Sunday, June 28, 2009
Tampa police said Mays was found unresponsive by his wife Sunday morning. A fire rescue crew pronounced him dead at 7:45 a.m.
There were no signs of a break-in, and investigators do not suspect foul play, said Lt. Brian Dugan of the Tampa Police Department, who wouldn't answer any more questions about how Mays' body was found because of the ongoing investigation. The coroner's office expects to have an autopsy done by Monday afternoon.
Saturday, June 20, 2009
The skeleton was excavated in 2003 from the Hell Creek Formation of Montana by co-author Jack Horner's crew from the Museum of the Rockies in Bozeman, Montana. Back in the lab, Schweitzer and her technician demineralized the fragments by soaking them in a weak acid. As the fossil dissolved, transparent vessels were left behind.
"It was totally shocking," Schweitzer says. Branching vessels also appeared in fragments from a hadrosaur and another Tyrannosaurus skeleton. Many of the vessels contain red and brown structures that resemble cells. And inside these are smaller objects similar in size to the nuclei of the blood cells in modern birds.
Friday, June 19, 2009
At a cost of over 2 million dollars, Los Angeles County has adopted a reverse 911 system (the government calls you in the event of an emergency). That such a thing is needed, I have no doubt. In particular, for people who live in the hills above Los Angeles the ability to warn of sudden danger from wild fires is vital.
It seems to me however that the system is being heavily oversold. While useful for a limited number of people in isolated areas it seems to me that for the rest of us who actually pay for it, it's pretty useless. It seems pretty clear that the system cannot handle a city wide emergency at all. For example, it was proudly announced this morning that the system can make 1000 calls a minute, which seems like a lot until you consider that there are 7.1 million land lines in Los Angeles. If my back of the envelope math is correct, that means it would take just shy of five days to call every number in the county (assuming that nobody with a cellphone opts into the system-which they are invited to do).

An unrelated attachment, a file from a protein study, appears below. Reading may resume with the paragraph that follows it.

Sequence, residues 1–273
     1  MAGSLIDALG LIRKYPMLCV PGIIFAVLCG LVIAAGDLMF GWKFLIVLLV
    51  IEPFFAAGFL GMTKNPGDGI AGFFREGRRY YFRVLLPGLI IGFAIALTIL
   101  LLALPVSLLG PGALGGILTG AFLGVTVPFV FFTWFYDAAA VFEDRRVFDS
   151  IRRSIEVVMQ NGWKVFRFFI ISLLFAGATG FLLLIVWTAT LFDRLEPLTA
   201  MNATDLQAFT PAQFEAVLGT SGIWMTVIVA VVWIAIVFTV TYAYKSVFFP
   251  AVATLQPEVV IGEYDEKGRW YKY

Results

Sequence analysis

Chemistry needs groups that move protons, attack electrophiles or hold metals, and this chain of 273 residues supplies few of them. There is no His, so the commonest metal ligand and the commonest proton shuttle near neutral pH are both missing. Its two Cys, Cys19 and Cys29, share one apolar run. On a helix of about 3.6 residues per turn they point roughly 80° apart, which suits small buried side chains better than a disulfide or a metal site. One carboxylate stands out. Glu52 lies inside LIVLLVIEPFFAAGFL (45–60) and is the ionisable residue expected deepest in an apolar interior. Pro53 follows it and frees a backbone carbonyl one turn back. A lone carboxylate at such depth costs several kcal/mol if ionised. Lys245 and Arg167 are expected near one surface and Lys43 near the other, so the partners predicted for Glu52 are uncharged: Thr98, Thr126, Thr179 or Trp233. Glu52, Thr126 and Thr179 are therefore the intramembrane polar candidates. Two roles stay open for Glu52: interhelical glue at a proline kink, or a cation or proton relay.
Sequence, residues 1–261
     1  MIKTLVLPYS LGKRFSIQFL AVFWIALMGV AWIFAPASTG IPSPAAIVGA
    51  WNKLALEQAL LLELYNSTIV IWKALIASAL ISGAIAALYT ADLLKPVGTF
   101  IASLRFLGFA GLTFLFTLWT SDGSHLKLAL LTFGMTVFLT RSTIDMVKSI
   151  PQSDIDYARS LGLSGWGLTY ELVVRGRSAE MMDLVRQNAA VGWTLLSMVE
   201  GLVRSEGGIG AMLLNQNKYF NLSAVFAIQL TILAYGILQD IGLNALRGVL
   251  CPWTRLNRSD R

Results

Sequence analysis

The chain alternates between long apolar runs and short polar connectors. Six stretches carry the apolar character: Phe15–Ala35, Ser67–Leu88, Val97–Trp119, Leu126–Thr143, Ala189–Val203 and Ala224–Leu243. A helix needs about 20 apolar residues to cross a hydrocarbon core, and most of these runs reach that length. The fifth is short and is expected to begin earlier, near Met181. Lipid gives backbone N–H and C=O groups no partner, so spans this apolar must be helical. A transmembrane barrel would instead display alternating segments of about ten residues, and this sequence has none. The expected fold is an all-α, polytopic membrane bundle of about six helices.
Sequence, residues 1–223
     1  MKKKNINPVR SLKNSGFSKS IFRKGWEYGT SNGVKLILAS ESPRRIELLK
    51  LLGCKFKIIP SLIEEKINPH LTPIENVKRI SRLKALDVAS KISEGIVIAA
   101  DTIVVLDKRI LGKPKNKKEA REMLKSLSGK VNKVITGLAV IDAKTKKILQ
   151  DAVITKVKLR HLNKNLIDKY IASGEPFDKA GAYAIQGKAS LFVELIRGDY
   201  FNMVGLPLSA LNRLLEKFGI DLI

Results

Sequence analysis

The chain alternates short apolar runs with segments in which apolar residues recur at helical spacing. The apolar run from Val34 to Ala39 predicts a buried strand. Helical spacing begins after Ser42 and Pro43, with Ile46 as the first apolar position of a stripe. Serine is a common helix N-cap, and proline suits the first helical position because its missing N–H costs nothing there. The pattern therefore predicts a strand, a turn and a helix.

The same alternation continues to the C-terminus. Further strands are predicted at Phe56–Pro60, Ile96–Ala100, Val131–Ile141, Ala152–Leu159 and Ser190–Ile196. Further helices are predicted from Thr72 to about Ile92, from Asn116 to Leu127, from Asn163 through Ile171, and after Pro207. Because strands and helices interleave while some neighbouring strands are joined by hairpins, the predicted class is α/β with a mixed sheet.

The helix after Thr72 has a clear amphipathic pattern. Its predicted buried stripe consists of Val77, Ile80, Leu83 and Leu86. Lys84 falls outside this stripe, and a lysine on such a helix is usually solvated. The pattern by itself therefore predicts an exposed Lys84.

Now I don't know about you, but having to wait five days for instructions from the government on what to do in the event of a hurricane Katrina-type disaster strikes me as a little unreasonable. The reality is that by then I'd either be dead or I'd have fled because I heard about it on the radio...or TV...or the internet...or I'd bothered to finally read one of the copies of the L.A. Times that keeps piling up in my driveway.
The painful truth is that this system will NEVER be useful by the vast majority of L.A.County residents. It's really designed to protect a small number of of relatively rich people who built houses where they probably shouldn't from wildfires, and paid for by millions of poor people.
The article is here.
Tuesday, June 09, 2009
The two-state solution is a non-issue, Israeli governments having for years agreed to the formulation. The question is what kind of two-state solution which has hardly been confronted and never agreed upon, not even at the breezy hand-shake on the White House lawn on September 13, 1993. (I hasten to remind my readers that I didn't attend because I thought it was a fraudulent event, and I wrote that in an editorial shortly after. Was I not right?) The matters to be negotiated now are the modalities of a two-state agreement. The Palestinians have always known what they want: every inch of territory lost in the 1967 war. Then, they'll see what they will fight over that was lost in 1948-1949.
Read the whole thing.
The nomination of Judge Sonia Sotomayor to the Supreme Court has already achieved a boon for our political culture: It has helped leading liberals and Democrats to discover that being tarred as a racist on flimsy grounds is unfair and deeply unpleasant. Sen. Dianne Feinstein, D-Calif., for example, when asked on "Face the Nation" to respond to Rush Limbaugh's and Newt Gingrich's comments about Sotomayor, said, "That's an absolutely terrible thing to throw around. Based on that statement -- that one word 'better than' (sic) -- to call someone a racist is just terrible and I would hope that Republicans would not do this."
Sen. Feinstein is right as far she went. She avoided one undeniable fact though. If a white male nominee had been discovered to have said something similar -- that he was better situated to judge due to his background and life experiences than a Latina woman -- he would be cashiered so fast as to induce whiplash.
Monday, June 01, 2009
She was cranky and demanding. The world revolved around her and she let you know it. But she also was very sweet. She'd groom you with this incredibly raspy tongue or snuggle close when you weren't feeling well.
She was a good cat. She'll be missed.